Inflation expectations, as reflected in the survey conducted by the Bureau for Economic Research during the third quarter of 2018 are marginally higher, averaging 5.3% in 2018 and 5.6% in 2019 and in 2020. Five-year inflation expectations have increased marginally to 5.5% (up from 5.4%). Expectations implicit in the break-even inflation rates (i.e. the yield differential between conventional and inflation-linked government bonds) have continued to edge upwards across all maturities.
While the global economic outlook is expected to remain broadly favourable over the short term, medium term risks are tilted to the downside due to elevated policy uncertainty. This uncertainty arises from escalating trade tensions and tightening global financial conditions. The global inflation outlook is on a moderate upward path, largely due to rising oil prices and higher GDP growth rates in some advanced economies.
Since the July MPC, the rand has depreciated by 7.3% against the US dollar, by 8.1% against the euro, and by 7.1% on a trade-weighted basis. At current levels, the SARB’s model assesses the rand to be undervalued. The implied starting point for the rand is R14.20 against the US dollar, compared with R13.40 at the time of the previous meeting.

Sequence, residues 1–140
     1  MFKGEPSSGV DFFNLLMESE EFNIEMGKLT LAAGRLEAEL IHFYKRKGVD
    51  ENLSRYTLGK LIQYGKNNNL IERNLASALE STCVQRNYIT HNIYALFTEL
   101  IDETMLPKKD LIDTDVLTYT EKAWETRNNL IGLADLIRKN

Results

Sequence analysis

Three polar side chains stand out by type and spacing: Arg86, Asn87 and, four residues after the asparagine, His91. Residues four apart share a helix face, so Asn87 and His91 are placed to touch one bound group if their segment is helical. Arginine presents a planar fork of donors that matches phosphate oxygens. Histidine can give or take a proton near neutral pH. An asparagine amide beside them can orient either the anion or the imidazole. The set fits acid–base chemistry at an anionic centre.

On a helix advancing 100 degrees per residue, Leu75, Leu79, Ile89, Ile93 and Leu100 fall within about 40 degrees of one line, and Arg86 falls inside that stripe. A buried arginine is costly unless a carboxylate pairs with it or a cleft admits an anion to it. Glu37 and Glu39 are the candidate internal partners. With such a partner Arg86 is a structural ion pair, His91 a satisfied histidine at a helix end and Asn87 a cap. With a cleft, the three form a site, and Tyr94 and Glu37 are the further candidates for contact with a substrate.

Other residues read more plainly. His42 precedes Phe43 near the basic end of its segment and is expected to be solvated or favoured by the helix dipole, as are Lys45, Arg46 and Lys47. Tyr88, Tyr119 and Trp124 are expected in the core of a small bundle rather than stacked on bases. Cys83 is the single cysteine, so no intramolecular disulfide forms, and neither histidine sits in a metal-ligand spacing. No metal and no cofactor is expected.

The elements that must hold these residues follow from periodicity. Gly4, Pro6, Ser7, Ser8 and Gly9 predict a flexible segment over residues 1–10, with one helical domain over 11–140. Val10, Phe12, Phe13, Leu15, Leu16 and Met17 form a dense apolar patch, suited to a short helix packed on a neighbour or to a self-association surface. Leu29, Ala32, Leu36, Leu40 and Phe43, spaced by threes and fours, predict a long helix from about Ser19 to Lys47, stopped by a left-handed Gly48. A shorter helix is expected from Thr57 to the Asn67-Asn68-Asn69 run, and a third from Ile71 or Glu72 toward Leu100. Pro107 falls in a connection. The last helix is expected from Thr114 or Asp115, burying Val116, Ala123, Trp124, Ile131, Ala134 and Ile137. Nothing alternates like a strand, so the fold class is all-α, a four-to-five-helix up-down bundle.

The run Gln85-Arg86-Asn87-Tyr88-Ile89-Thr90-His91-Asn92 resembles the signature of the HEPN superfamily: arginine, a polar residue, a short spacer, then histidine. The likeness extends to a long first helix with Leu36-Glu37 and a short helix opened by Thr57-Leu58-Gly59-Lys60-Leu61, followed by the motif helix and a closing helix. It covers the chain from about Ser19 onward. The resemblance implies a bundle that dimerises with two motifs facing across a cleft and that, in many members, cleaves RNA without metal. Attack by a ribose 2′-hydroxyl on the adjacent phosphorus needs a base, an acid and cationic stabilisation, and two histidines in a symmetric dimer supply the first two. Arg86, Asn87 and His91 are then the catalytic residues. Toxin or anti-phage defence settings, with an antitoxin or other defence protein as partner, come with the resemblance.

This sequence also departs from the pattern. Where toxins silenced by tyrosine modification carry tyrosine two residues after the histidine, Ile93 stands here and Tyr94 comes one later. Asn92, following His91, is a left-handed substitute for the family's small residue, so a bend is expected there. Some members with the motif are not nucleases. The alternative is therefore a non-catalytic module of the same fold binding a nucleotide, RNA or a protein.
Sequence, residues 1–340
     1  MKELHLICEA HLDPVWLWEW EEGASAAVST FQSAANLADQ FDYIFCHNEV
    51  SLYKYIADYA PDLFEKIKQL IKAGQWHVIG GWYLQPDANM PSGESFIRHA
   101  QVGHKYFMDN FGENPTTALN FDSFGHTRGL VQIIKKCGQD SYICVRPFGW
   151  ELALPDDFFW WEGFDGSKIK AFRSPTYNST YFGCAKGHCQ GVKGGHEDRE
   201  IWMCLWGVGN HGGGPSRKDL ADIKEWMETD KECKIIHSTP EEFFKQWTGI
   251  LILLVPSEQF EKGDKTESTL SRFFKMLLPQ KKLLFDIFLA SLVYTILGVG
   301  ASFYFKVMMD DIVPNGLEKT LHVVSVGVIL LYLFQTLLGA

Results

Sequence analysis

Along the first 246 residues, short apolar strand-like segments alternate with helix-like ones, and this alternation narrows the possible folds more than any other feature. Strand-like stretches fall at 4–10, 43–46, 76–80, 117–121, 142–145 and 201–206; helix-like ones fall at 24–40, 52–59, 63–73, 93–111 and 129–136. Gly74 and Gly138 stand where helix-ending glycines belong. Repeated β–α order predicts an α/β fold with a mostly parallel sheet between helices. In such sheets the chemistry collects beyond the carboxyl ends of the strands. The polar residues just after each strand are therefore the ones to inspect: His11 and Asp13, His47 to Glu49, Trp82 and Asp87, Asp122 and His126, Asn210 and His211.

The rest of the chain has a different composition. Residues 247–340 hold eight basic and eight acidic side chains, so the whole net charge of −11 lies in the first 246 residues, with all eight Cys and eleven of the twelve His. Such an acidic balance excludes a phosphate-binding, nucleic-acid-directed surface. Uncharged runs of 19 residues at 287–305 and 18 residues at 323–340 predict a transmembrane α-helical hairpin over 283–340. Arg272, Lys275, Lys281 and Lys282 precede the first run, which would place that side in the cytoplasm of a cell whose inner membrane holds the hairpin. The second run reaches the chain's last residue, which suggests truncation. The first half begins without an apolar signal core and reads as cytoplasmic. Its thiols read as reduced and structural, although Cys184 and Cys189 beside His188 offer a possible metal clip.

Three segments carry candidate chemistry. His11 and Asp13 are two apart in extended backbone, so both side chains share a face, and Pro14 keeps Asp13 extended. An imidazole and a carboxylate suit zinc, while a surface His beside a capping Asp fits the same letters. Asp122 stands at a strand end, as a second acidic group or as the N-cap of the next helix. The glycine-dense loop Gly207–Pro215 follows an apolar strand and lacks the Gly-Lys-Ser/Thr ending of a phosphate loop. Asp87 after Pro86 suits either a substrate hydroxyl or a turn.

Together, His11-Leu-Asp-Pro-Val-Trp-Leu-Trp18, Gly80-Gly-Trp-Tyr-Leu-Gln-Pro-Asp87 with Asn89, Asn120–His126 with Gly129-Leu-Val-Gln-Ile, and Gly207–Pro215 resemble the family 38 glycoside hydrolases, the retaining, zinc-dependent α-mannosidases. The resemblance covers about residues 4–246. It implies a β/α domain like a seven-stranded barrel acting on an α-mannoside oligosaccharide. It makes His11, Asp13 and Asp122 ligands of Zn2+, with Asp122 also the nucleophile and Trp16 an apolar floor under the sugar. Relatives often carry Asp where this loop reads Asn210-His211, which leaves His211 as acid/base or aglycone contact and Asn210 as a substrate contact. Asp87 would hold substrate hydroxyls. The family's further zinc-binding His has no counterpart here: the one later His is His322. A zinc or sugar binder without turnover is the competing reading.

Tighter global financial conditions and the change in investor sentiment towards emerging markets remain key external risks to the rand, and it is likely that the rand, along with other emerging market currencies, will remain volatile. However, the pace of monetary policy normalisation in the advanced economies continues to be gradual and further policy tightening by the US Fed is expected to follow a measured path in the absence of significant inflation or growth surprises.
The domestic economy has entered a technical recession, following two consecutive quarters of contracting economic activity. Quarter-on-quarter GDP contracted by 0.7% in the second quarter and GDP data for the first quarter was revised down from -2.2% to -2.6%. However, on a year-on-year basis, GDP growth in the first quarter was 0.8% and 0.4% in the second quarter.
The SARB now forecasts growth in 2018 to average 0.7% (down from 1.2% in July). The forecast for 2019 and 2020 is unchanged at 1.9% and 2.0% respectively. At these growth rates, the negative output gap is wider in the near term, but is still expected to close by the end of 2020 as GDP growth rates exceed potential growth.
The SARB composite leading business cycle indicator increased in June, largely reflecting an improvement in the measures of external sector activity. However, business confidence, as reflected in the RMB/BER business confidence index, decreased to 38 index points in the third quarter. Growth in gross fixed capital formation is expected to remain weak.